This next one I describe as an allocation nightmare. There were tons of these so I won’t elaborate beyond this one example. People, you need to include seam lines. Cutting the front and the sleeves in one piece will use much more fabric than you can possibly imagine. Not to say it’s not done but the design usually has interesting design lines compelling the project. Usually designs aren’t this obvious but we won’t know which you really want and which you really don’t. Watch those seam lines, copying them from existing garments. It matters. Really.
Of course not all sketches were bad. Here’s two from the same designer. I’m guessing this girl either sews or sketched on the basis of a photo of a well fitting garment. The asymmetrical top on the left hits perfectly under the bust. This is exactly correct. The blue one gets bonus points. I don’t know if you can see the midriff cupping the bust. The bust portion has (necessary) gathers where it meets the midriff. Good show.
I picked this next one because I want to illustrate that a sketch doesn’t have to be a work of art to be usable. The proportions are all there. She’s spec’ed it to include a side zipper, I can see it’s fitted. The bust obviously gathers into the midriff. The only thing I’d want to ask is about the skirt. Is it straight but cut A-line, or is it gathered into the midriff or a combination of both? This sketch is definitely something one can work from.
Ditto for this next sketch. I’d have a couple of questions but it’s workable too although I’m not wild on charcoal for renderings. All the seams are there, the fitting lines, proportions etc. A sketch doesn’t have to be beautiful to be usable but we have to have something.
The cost of producing some designs is too high when demand and market are thrown into the equation so a service provider will advise against the attempt. Here’s a “couture” gown; I think she means evening or formal attire. The dress is entirely constructed of 501 back pockets. This is a tremendous amount of sewing when compared to what it’d sell for. It’s a novelty item, not something that would end up on the red carpet.
Speaking of costing too much, below are two designs that just aren’t going to happen. Not in denim and not by Levi’s. One was the only one I commented on, mentioning product development costs and the designer (smugly) responded that a company of Levi’s size wouldn’t have a problem with costs nor execution. Really? If a company isn’t producing similar styles already, it’s not because they haven’t thought of it and are waiting for you to come along with your great idea. I just want to sigh and roll my eyes when designers argue about things of which they know nothing. Just for grins, anyone care to take a guess as to how many pattern pieces for each? Just calculate the portions you can see. Then guesstimate allocation and how long it’d take to sew it. In denim and at moderate price points. Heh.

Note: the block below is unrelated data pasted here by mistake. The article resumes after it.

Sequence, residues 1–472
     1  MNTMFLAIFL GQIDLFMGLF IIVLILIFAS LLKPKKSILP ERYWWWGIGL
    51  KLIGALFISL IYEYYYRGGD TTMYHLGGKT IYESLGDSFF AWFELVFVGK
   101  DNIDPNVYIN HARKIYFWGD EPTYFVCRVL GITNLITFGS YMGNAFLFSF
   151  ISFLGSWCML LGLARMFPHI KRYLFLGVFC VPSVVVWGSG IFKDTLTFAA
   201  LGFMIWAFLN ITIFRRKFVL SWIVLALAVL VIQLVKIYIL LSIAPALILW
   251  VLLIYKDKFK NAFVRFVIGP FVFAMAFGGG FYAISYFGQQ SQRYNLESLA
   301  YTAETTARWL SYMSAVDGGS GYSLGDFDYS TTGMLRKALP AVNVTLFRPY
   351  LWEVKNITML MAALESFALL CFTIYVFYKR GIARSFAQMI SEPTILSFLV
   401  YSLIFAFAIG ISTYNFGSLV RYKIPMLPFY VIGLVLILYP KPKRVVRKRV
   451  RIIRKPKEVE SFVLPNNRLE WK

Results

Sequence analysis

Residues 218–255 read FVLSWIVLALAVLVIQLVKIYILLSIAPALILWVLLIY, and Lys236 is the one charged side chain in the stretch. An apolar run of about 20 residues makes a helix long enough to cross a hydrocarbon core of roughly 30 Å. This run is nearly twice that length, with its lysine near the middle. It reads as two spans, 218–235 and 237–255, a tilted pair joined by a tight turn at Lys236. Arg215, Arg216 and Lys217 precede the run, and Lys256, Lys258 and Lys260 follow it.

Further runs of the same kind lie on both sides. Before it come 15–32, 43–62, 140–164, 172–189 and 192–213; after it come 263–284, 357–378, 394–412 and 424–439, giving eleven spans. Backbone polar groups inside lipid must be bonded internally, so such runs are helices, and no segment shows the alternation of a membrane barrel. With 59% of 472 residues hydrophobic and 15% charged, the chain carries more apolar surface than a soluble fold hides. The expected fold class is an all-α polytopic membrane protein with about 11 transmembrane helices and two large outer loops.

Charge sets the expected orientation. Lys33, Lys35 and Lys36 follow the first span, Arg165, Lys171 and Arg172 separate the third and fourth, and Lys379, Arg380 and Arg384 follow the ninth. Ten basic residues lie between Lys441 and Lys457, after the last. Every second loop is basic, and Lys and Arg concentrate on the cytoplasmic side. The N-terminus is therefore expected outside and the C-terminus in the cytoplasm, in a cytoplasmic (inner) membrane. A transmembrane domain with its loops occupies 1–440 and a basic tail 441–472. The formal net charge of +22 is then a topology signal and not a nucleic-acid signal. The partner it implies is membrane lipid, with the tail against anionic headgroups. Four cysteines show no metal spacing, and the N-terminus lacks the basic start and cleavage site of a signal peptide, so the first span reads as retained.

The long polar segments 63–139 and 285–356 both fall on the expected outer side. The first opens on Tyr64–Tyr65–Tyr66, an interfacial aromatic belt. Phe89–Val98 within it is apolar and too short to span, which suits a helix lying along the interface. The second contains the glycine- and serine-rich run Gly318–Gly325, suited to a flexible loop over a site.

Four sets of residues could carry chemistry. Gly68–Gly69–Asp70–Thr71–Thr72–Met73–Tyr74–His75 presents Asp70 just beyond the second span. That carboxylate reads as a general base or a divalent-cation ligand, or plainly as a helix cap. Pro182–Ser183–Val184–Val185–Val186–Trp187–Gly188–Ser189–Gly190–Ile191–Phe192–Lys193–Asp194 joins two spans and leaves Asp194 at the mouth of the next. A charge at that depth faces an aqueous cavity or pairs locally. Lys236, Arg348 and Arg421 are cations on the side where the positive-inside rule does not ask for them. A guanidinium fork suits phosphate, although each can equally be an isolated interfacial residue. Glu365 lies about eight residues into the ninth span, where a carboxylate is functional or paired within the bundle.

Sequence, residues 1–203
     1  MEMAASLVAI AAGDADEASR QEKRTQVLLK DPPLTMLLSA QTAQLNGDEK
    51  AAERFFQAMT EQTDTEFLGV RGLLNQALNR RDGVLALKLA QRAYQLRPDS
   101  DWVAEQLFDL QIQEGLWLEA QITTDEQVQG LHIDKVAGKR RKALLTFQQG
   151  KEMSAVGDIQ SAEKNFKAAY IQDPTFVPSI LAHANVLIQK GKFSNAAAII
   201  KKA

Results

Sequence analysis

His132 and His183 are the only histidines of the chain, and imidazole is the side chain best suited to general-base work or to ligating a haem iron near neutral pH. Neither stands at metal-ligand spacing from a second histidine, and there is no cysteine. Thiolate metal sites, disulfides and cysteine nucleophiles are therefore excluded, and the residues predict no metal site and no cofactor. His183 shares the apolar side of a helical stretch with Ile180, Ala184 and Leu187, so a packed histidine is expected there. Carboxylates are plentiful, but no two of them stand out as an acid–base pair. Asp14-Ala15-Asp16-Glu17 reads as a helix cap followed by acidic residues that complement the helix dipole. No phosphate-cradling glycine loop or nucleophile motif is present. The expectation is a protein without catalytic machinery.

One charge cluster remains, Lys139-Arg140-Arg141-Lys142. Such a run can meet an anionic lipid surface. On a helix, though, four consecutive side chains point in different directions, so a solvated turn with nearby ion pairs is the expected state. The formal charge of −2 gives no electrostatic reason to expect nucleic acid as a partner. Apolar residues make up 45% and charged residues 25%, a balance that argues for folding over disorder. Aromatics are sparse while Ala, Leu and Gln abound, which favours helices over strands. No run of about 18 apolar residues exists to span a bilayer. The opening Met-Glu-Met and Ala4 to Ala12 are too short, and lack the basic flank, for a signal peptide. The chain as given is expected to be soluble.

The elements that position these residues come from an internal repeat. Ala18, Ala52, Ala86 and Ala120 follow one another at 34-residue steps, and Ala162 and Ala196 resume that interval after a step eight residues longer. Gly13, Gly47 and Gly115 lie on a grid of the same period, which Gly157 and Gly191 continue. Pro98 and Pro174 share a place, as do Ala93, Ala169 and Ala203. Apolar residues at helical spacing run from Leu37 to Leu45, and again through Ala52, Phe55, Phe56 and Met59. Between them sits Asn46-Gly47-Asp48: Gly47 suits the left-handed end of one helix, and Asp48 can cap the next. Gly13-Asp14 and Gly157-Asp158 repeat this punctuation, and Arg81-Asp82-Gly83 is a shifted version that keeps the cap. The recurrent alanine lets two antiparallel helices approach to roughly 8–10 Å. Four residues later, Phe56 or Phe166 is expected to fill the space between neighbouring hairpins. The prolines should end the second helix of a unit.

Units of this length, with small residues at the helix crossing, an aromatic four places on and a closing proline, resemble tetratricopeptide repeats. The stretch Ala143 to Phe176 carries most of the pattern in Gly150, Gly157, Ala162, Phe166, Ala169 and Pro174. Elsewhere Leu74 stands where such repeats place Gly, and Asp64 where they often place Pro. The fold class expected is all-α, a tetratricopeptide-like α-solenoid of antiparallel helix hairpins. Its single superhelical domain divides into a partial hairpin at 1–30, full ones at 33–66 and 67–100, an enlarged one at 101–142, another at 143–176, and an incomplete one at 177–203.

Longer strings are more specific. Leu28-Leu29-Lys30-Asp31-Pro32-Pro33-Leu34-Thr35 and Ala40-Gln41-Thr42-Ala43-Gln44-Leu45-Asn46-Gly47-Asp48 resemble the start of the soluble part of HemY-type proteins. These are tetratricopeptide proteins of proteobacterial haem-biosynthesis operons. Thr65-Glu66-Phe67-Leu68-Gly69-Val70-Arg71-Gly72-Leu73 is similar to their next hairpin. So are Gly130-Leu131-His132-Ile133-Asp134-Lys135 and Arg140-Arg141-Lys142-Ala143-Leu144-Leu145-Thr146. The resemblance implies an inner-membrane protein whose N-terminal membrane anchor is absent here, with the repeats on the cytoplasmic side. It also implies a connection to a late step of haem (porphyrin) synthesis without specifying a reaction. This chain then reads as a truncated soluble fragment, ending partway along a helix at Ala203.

Below is another one not likely to happen as-is although the style lines are interesting. Check out the back neck and collar. This one could best be described as mismatched to the product price points. Levi’s won’t do this in denim but I could definitely see the jacket in a high end leather line -minus some of that superfluous design stitching on the front. That’s another thing, if bodies are strong enough as this one is, resist the impulse to gunk it up.
This last one I included because it was designed by a six-year old and it’s pretty good (the croqui template is provided by Levi’s). All the style lines are there, seam lines, the neckline is interesting etc. It’s even marketable. One could make a pattern based on this sketch. Kind of puts “designing” in perspective if a six year old can do it. It’s a good thing hard skills are needed to make patterns, otherwise there’d be more of us out of work.